That’s a great way to approach it, too, Amy! (And a really fruitful conversation to have with a child: Why do both approaches work? Which is more efficient? Do both approaches work for all sorts of division problems?)
Happy Math!
Kate
Is there a supplement program that covers basic mental math so our family wouldn’t need to switch from Rod & Staff. Kids are doing well finally and I don’t want to change again next year.
Hi Donna,
If it ain’t broke, don’t fix it! 🙂 Rod and Staff does include some mental math in the older grades, but it can use some supplementing.
Mental Math in the Middle Grades (for about grades 4 to 6) is my favorite supplement. It’s out of print, but used copies are very cheap.
Happy Math!
Kate
I did nearly every problem in my head the way you explained it, and it’s because of mental math problems like these that I’m such a big supporter of the Common Core math method. It basically teaches mental math, but I think people don’t understand that. Instead, they say, “Why would you use such a complicated method to solve such an easy problem?” Well, it only looks complicated on paper, and it only looks complicated when you’re learning it using simple problems. Once you get to more complicated problems, simplifying the numbers by rounding down and up and subtracting or adding makes it SO much easier to do in your head. Thanks for sharing this!
Glad you enjoyed it, Kasey!
Love these examples! I am a math teacher at a classical charter school. I thought about 5 of them differently than you described. Problems like this are wonderful for number talks. I will put up a problem on the board and have students solve it. Then, I will have them share their answers and write their thought process for each one in a different color. There aren’t enough hours in the day to look at every problem from every angle, but number talks provide an opportunity to really go deep on a problem. The mental math I use might not make as much sense to a student as the mental math that a classmate used.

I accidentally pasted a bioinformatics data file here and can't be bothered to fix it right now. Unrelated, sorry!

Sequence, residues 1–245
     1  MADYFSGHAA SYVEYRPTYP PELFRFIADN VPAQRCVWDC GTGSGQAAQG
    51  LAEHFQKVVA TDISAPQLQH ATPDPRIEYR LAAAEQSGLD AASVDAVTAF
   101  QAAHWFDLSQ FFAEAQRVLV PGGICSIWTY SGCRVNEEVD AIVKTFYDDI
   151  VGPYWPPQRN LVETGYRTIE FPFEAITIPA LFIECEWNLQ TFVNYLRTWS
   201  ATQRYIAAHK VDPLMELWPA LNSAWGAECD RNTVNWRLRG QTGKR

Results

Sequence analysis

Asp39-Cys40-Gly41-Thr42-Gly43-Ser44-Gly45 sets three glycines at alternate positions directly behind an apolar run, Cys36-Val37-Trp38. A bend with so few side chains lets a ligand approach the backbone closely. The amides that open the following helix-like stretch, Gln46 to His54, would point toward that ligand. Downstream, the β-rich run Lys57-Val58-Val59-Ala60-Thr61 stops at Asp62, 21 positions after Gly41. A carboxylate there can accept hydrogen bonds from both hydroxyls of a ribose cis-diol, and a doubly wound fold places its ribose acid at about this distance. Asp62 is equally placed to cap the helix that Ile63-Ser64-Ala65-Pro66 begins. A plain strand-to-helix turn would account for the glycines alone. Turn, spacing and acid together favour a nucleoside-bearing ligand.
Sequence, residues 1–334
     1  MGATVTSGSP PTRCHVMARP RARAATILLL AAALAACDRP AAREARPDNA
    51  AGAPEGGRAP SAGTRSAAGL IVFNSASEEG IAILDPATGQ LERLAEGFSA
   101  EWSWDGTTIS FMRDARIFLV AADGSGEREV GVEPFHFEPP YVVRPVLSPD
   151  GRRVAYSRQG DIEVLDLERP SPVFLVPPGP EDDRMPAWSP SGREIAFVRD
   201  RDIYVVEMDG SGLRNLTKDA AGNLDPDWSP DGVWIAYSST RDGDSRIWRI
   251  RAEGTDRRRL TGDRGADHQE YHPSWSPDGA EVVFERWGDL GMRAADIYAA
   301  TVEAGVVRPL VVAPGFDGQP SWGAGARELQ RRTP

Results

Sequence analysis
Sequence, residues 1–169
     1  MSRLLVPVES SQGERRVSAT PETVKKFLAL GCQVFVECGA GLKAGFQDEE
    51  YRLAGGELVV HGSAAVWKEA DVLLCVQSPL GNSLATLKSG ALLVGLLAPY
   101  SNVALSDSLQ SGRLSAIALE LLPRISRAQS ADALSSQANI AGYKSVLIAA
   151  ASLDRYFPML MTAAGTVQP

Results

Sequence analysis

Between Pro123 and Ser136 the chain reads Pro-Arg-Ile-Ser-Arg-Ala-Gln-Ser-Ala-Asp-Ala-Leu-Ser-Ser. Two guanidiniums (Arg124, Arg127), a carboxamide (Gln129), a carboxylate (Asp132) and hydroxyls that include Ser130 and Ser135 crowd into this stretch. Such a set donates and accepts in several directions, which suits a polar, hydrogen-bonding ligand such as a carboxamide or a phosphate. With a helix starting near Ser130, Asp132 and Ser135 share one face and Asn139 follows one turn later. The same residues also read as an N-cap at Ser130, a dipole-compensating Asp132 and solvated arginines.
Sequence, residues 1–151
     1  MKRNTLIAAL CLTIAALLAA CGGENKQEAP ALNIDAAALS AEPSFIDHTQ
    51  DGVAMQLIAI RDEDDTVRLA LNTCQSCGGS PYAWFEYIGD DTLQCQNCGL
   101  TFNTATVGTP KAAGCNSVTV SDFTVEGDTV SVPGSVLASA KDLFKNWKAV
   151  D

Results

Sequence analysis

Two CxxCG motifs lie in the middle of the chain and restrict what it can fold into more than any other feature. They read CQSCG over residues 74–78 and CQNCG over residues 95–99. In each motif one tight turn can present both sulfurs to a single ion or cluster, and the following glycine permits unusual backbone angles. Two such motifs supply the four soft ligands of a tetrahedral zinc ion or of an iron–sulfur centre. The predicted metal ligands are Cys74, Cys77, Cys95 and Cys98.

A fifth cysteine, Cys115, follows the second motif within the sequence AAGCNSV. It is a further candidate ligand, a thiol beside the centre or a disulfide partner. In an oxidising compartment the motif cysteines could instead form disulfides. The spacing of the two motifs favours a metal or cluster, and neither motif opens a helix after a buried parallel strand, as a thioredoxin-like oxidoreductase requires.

Such a great way to do mental math in a classroom!
Question 7 – I might have used distribution if it had been 23 x 7, but to me multiplying by 9 is automatically multiplying by (101). For some reason, calculating 23023 comes much easier to me than the multiple steps of distribution.
(This might be my engineering bias, too, rather than mathematician, to always think order of magnitude first).
That’s a great way to do question 7! And also one of the beauties of mental math–it teaches kids so many ways to think flexibly about numbers. (Although since you’re an engineer and clearly have a deep understanding of math, I’ll nitpick: you are actually using distribution, just with subtraction. 🙂 )
Happy Math!
Kate
Any advice for a mama who learned math the old way and has little mental math skills? I am just starting MWC1 with my 6 year old. Thanks!
My main advice is to trust that you are totally capable of understanding mental math and growing your skills. Your kid can do it, and so can you!
Happy Math!
Kate
Did them in my head. Been doing math in my head forever it seems. The trick is how to teach others. I think maybe teaching to visualize the problem would help but I’m not sure. Any suggestions?
I substitute teach in Colorado and have noticed most 5th graders are lacking basic math skills.
At nearly 42 years old I just realized I have no idea on how to do mental math. For me it’s always been putting it “on paper” in my mind and getting frustrated when I can’t keep the picture clear enough to keep up with it! I wonder if that is part of the reason that trying to find the right path for a math curriculum has been so stressful?
You’re definitely not alone, Amber! I hear from a lot of moms who discover that teaching homeschool math helps them develop their own mental math skills right along with their kids’.
Happy Math!
Kate